Canada’s Saputo to acquire Murray Goulburn dairy co-operative

The deal follows a difficult period for the Australian dairy which is facing court action from regulators

Canada’s dairy company Saputo has entered a binding agreement with Murray Goulburn co-operative, which will see it acquire all of the operating assets and liabilities of MG for approximately AUD $1.31bn.

The transaction was unanimously recommended by the MG board directors and is subject to approval by regulators as well as an ordinary resolution of MG’s voting shareholders.

MG chairman John Spark said: “The board believes that the transaction represents the best available outcome for our suppliers and our investors.

“Saputo is one of the top ten dairy processors in the world and active in Australia through its ownership of Warrnambool Cheese & Butter (WCB). This transaction will crystallise real value for MG’s equity, while rewarding our loyal suppliers through the milk supply commitments.”

He added: “MG has reached a position where, as an independent company, its debt was simply too high given the significant milk loss. Securing a sustainable future for MG’s loyal suppliers is of paramount importance to the board.

“We are pleased with the strong milk commitments secured as part of Saputo’s offer to reward this loyalty. Saputo has demonstrated itself to be a credible and trusted partner for Australian dairy farmers through its investment in WCB. The transaction has the unanimous support of the MG Board.”

With this transaction, MG announced new commitments regarding milk supply to Active MG suppliers. The business will step up the fiscal year (FY) 2018 farmgate milk price by $0.40 per kg MS to $5.60 per kg MS for milk supplied from 1 November 2017.

In addition, MG will give suppliers a $0.40 per kg MS retrospective back pay amount in respect of all qualifying milk solids supplied between 1 July 2017 and 31 October 2017, reflecting the difference between MG’s current FY18 farmgate milk price of $5.20 per kg MS and $5.60 per kg MS. Active MG Suppliers will also receive a $0.40 per kg MS loyalty payment for all milk supplied in FY18.

Saputo has committed to collect milk from all active MG suppliers for five years from the FY19 season on terms no less favourable than MG’s existing collection terms. The Canadian company also agreed to pay Active MG Suppliers a market competitive farmgate milk price for the same period.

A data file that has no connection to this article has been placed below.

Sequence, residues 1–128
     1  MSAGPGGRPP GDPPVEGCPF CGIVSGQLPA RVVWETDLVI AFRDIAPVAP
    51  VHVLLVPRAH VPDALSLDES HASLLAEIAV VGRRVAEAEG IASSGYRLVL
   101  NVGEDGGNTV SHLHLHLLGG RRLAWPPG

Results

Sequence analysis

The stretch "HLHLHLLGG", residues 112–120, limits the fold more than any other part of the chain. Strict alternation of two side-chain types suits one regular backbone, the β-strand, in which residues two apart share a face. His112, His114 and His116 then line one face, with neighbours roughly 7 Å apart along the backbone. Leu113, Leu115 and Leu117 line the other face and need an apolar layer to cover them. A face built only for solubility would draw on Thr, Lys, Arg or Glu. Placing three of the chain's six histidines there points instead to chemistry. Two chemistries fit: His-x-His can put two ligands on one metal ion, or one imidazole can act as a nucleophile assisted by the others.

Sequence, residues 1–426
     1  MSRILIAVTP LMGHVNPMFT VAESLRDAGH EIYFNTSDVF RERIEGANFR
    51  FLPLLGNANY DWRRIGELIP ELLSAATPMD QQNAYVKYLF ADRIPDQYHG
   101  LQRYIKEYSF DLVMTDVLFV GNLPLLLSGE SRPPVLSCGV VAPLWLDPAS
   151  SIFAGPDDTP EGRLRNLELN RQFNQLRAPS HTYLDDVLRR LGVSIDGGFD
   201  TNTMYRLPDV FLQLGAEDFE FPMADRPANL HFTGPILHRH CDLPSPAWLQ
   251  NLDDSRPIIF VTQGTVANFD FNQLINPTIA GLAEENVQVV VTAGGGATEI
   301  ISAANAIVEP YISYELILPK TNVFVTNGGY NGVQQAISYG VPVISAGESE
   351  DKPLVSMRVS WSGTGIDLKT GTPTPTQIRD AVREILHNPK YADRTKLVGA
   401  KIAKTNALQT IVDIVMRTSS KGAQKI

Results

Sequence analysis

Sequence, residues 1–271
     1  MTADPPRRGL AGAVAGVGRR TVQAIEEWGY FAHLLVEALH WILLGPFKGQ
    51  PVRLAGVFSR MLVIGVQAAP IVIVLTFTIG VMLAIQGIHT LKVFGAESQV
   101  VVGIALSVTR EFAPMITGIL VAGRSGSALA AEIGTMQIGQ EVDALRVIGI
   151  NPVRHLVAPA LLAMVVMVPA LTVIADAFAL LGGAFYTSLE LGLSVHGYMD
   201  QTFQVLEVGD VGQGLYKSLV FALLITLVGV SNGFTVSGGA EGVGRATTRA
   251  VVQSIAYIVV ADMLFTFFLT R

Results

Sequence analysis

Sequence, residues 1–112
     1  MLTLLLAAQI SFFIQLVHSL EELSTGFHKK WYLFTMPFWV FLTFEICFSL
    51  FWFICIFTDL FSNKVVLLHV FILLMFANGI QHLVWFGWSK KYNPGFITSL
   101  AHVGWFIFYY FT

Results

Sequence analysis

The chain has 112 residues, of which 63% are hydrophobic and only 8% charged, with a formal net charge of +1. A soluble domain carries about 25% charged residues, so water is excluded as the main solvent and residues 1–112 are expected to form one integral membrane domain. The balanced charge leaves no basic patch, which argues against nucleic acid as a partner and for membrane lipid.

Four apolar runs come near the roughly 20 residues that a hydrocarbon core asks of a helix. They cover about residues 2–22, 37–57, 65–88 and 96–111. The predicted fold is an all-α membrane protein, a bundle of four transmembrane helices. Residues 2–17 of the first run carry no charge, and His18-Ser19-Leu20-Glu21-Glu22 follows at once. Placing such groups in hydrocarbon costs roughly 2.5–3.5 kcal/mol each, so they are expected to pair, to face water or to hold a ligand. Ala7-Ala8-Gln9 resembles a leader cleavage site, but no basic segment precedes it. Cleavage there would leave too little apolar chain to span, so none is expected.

Regarding representation, once the transaction is completed and MG is wound up, Saputo will establish a supplier relations and pricing policy committee. This will comprise four Active MG Suppliers, two WCB supplier representatives and three Saputo representatives.

Earlier this year, the Australian Competition and Consumer Commission launched Federal Court proceedings against Murray Goulburn and its former chief executive over claims they misled and mistreated farmers.

Another class action was filed last year by investors over allegedly misleading the market ahead of its float last year. MG will be wound up after the conclusion of these steps.

MG intends to make an estimated initial distribution of the net transaction proceeds of approximately AUD $0.75 per share and unit, to be paid shortly after completion. Further cash distributions to shareholders and unitholders are expected upon conclusion of the regulatory actions and class action.

“The recent events at Murray Goulburn demonstrate that co-ops must have a strong balance sheet in order to support family farming. Murray Goulburn took an understandable path to look for external financing,” said, Melina Morrison, chief executive of the Business Council of Co-operatives and Mutuals (BCCM), the apex body for Australia’s co-ops. “That’s not an unusual thing for co-ops to do. Co-ops are a successful business model but can be constrained when it comes to funding for growth.

“But the options are limited for co-ops and mutuals, and that leads to innovative thinking and unique solutions that are untested. As an industry organisation, our role remains to open up options for co-ops in Australia to secure funding through changes to legislation and through greater education and awareness that do not lead to the inadvertent corporatisation.”

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